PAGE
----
The job situation is the most difficult one facing us as a profession. The lack of positions, and the tenuous funding for existing positions, is at the core why so many archivists, new and established, are howling.

You will notice that in the following list I do not address the fact that we are underpaid as a profession. I believe that is very true. However, I think as far as employment goes, the lack of fairly paid professional positions with benefits far outweighs the overall underpayment issue. I also think it is a bit unfair to compare us with other professions, like technical or records management. People in the for-profit sector will make more than those of us in the non-profit cultural sector every time. I am not saying that is fair, but I knew that going in. We are among many professions that are underpaid, and in my book, social workers, teachers, people helping others combat addiction and sickness, are ahead of us in line. That is just my opinion, of course.

However, I think we can fight to make professional positions the default, while making “paraprofessional” positions or internships fairer and less of an economic burden. I propose we demand the following from our fellow archival professionals:

Professional Compensation for Professional Work We cannot tolerate, as a profession, positions that have all of the requirements and duties of professional positions without full-time pay and benefits. Positions that file papers all day but are called archivists devalue our profession. Non-professional and/or part-time positions that require a master’s degree or previous experience devalue those degrees and experiences. We all see these types of positions, like this recent gem, and we should pick today as the day we stop tolerating them, dammit!

Underpaid/Unpaid Interns/Volunteers Require Other Benefits Readers of my blog know that I have a difficult time working out my feelings on internships. I think that unpaid work of any kind severely limits the diversity and richness of our profession. However, I also do not see it going away as long as people love the work and want to gain experience. I think we can agree that an intern or volunteer should earn much more for their work than a line on their resume. Building on what Rebecca has already said in her post, institutions that hire or accept non-professional workers should provide some sort of combination of the following:

  • Formal mentoring programs
  • Resume reviews, mock interviews, and job search sessions
  • Chances for professional development (conferences, local workshops, etc.)
  • Opportunities to be exposed to other professional advice, training, or assistance
  • Other career preparation help

This list is just a starter. My point is that interns or volunteers should not be viewed as all the work with no or little pay. They are entering the profession, or are already in it, and should be treated as professionals. Just because you do not have funding does not mean that you can simply create a professional position minus the pay. If you are doing this, you are on the wrong side of ethics–and, in some cases, the law.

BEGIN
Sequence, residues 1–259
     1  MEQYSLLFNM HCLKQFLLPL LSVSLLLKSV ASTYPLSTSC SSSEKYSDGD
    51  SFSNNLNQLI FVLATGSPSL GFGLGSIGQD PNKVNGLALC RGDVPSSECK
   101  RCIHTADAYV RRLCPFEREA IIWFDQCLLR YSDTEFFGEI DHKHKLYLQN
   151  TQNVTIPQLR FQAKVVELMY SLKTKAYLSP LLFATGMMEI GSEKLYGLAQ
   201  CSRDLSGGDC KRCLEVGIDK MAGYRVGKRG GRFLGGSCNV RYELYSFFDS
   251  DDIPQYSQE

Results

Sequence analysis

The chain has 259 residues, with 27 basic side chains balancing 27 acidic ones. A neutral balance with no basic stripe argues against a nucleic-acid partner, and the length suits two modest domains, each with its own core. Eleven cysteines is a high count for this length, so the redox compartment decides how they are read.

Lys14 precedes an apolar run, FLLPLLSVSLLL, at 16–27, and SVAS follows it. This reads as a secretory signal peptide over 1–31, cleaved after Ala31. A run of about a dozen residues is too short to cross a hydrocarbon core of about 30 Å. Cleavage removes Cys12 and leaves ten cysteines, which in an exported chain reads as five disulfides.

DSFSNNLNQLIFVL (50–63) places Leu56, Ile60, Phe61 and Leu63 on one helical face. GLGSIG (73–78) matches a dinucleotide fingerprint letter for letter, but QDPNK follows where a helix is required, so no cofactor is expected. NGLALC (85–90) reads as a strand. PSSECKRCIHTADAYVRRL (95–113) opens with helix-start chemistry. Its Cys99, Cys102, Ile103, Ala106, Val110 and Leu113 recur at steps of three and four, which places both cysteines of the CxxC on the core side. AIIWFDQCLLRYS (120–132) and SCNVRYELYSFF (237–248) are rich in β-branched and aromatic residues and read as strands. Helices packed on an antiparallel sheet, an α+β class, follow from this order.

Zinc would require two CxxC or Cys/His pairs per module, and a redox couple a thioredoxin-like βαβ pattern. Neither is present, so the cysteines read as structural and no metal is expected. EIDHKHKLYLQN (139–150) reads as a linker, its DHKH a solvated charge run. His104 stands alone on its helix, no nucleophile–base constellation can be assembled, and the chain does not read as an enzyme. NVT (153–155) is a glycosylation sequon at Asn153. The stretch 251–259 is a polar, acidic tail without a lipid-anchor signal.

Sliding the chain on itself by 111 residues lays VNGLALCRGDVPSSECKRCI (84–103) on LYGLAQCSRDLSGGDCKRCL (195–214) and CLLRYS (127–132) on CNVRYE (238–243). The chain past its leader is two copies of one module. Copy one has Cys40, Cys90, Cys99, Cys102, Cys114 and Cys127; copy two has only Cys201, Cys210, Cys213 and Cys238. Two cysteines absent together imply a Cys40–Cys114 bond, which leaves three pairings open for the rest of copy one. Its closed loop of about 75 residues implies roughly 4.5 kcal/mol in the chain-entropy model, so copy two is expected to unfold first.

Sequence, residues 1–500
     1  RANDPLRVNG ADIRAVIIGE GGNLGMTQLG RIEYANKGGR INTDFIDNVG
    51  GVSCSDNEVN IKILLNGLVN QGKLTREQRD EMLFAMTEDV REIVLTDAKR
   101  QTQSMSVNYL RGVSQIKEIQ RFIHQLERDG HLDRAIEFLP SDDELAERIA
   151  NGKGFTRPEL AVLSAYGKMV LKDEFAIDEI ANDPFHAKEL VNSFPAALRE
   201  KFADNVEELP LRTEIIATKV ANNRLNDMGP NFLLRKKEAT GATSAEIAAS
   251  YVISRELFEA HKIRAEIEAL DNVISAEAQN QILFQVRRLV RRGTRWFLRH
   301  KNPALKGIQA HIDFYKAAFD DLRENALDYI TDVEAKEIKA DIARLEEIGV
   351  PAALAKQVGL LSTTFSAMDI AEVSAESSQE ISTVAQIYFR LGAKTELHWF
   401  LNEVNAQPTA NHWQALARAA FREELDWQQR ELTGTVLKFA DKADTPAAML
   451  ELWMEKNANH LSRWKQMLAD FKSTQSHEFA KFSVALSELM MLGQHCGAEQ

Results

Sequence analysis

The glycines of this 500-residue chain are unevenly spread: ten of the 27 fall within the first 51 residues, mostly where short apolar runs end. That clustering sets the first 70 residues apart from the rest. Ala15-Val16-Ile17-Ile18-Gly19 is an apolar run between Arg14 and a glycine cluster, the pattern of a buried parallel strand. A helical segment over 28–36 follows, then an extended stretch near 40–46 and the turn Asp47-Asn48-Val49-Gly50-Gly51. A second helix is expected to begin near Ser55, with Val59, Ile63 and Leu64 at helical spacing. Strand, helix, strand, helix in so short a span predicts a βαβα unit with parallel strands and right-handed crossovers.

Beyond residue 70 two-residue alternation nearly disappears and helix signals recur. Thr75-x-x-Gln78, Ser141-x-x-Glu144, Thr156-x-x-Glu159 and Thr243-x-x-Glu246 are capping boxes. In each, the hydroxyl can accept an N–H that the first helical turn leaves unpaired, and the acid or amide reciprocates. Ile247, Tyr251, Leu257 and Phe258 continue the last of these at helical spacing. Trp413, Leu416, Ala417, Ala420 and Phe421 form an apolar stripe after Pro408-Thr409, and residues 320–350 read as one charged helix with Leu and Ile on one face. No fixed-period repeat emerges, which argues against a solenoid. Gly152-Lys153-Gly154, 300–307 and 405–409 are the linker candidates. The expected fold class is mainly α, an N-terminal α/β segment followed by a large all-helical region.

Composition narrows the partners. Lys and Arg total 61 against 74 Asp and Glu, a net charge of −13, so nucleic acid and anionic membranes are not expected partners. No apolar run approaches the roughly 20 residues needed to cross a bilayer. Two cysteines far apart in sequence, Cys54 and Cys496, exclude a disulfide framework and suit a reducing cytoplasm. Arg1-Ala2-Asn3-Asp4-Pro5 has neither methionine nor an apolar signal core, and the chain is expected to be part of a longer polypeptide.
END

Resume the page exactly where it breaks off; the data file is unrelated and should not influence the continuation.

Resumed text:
Agents of Change: Archive Professionals This one is a no-brainer. If you are creating professional positions without professional compensation, stop. To be fair, the vast majority of archives are not creating positions like these. But I also do not think enough of us are calling out the few that are. If you see an unfair position posted, contact the people posting the position and let them know your feelings. If they are breaking your local law by offered unpaid positions separate from a formal training or education program, let them know that as well. We need to create an atmosphere where it is embarrassing to put positions like these on the Internet.

Agents of Change: SAA SAA should make fair employment practice part of their Code of Ethics for Archivists. This should come as part of a complete reform of the Code in an effort to make it meaningful, with repercussions if it is not followed. I know this used to be the case, but then it was watered down. Perhaps this is something the SAA Issues and Advocacy Roundtable could address?

So there you have it. I hope that did not come off as a rant, although I was kinda ranty there at the end. If you think the posts at Derangement and Description, here, Twitter, and the like are true, if you think that our profession is in need of some reform, then I have a challenge for you. Keep the discussion going, try to work out a common set of reforms, and then act. It is clear that these issues have been around a while, and people were just as fired up about them as we are now, but nothing was done.

Part of our mission as archivists, after all, is to try to prevent repeating mistakes from the past, right?